Wednesday, January 18, 2017

What happens when a bass boat's steering gear fails at high speed?


This happens.





Slo-mo replay begins at 2m. 12s.  I'd say they were lucky to get away with that . . .

Peter

13 comments:

Suz said...

Wow!! They were lucky they didn't break a neck going off the boat like that!

Andrew said...

Been there, done that, was bruised for weeks. Boat store I was working at was checking out the, then, new 300hp Johnson and the steering went catastrophically. At least the trolling motor worked so we could get back.

Trust me, after rolling, bouncing and hitting the water at that speed, nothing on your body doesn't hurt. The boys probably went home and just soaked in a tub of Advil.

Anonymous said...

I'm not convinced it was a mechanical failure. Watch closely the steering wheel. They turn right to step out of the wake, then slightly left and much more right again. The helm responds right and by then its too late.

Anonymous said...

The steering didn't fail. He just lost control.

Anonymous said...

Looks like he went off the wake, and stuck the bow, like turning the wheel on a bike and locking the front brake.

Old NFO said...

Anon is right, the bow dug in at about a 30 degree angle when he finally dropped off the wake. That's what happens when one tries to 'ease' over. Also probably had it trimmed too far nose down, which was a contributing factor.

Anonymous said...

Living on the Mississippi River most of my life I've seen my share of boat accidents. It also appeared to me like he just stuck the bow. Seen something similar happen to one who was overtaking a barge during a bass tournament practice session. Seen ski boats get in accidents but bass boats seem to be more spectacular. Ripping over a wing dam with 4 inches of water over it, plowing headlong into a submerged stump field that's about a foot deep or whacking a submerged drifting log will turn bass boats into insurance write offs in rather spectacular fashion. It was nice to see PFDs. I wish I could convince more of my old river rat buddies to wear them. Too many funerals in the past year or two. In fact two are still in the water. Probably won't find them until spring.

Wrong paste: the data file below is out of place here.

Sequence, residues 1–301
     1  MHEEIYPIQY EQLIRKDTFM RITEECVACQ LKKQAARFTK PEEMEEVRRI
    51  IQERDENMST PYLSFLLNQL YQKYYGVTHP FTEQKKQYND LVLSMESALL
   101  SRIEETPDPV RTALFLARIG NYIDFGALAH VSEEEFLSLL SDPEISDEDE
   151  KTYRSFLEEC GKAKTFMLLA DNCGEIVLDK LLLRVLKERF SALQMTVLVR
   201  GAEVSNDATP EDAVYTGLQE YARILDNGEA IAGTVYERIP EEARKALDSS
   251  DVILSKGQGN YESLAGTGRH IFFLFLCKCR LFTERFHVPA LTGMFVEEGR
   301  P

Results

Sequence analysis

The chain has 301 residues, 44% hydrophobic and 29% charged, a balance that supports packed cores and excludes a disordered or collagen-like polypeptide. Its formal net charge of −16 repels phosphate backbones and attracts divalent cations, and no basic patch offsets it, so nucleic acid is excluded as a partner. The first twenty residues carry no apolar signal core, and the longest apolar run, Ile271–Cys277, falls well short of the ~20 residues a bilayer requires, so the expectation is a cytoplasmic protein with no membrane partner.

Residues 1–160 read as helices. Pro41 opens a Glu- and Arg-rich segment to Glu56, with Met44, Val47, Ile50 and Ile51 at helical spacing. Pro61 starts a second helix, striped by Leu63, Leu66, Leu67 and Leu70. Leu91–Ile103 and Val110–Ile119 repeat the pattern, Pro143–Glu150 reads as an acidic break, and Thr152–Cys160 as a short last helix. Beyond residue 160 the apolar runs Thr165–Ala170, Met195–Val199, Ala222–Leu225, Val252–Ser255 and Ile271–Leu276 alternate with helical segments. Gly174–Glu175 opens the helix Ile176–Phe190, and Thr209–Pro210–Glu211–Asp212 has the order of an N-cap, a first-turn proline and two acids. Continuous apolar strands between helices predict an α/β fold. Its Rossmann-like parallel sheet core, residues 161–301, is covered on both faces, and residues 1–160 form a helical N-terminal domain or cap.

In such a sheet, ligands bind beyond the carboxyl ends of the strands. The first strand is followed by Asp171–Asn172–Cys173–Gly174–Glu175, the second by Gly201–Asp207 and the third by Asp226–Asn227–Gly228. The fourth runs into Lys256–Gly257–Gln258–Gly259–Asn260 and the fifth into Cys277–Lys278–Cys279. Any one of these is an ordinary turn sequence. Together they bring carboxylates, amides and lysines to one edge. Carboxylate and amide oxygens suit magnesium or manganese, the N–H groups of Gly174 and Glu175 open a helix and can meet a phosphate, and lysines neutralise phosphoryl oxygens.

Timbo said...

A couple of years ago two guys from here died when the steering cable snapped. They ended up in the water and the boat came round and chopped them. The helmsman didn't have the cutoff switch attached to his wrist...

Mark Matis said...

This was University of Florida, Andrew. They instead went home and each drank a keg of Michelob.

And "University bass fishing team"??? But then it is UF, so that isn't really all that unexpected.

Andrew said...

Hey, Mark. Yeah, it is the Gators (Hwaaak, spit. Go 'Noles!!!) otherwise known as the University of Beijing in Gainesville. You can still stop a rowdy crowd of college fans by whispering "Galen Hall, Gaaaaaleeeeeen Haaallllll...."

God, next thing you know there will be college curling teams or something.

And, to actually defend them, hey, this is the South!!! Wadda want, a hockey team?

Bill Fife said...

Bass fishing is big all over FL but especially N. and Central parts where the many big lakes and wide rivers are. Ever-faster bass necessitate ever-faster boats and they just keep getting faster to outrun those 300+ hp bass-chaser boats. I heard one in JAX that sounded like something on an aircraft carrier from W.W. II. But hey- ya have to keep up with those ever-faster bass. What's a bass-buster to do, right?
Seriously: these boats present a real danger to Florida's threatened Manatees with their large powerful propellers. Manatees are air-breathing mammals and not only come up for air but feed on the Water Hyacinth that floats on the surface.
The local solution is to post speed limits signs along the routes. Right. That will solve it.

bart simpsonson said...

Good luck with trying to get them wild eyed Southern boys to back down on their bass boat speed. For any reason.....What's the point of all that HP if'n ya cain't turn it loose now and then?

jon spencer said...

Don't like that those first few boats that went by did not stop.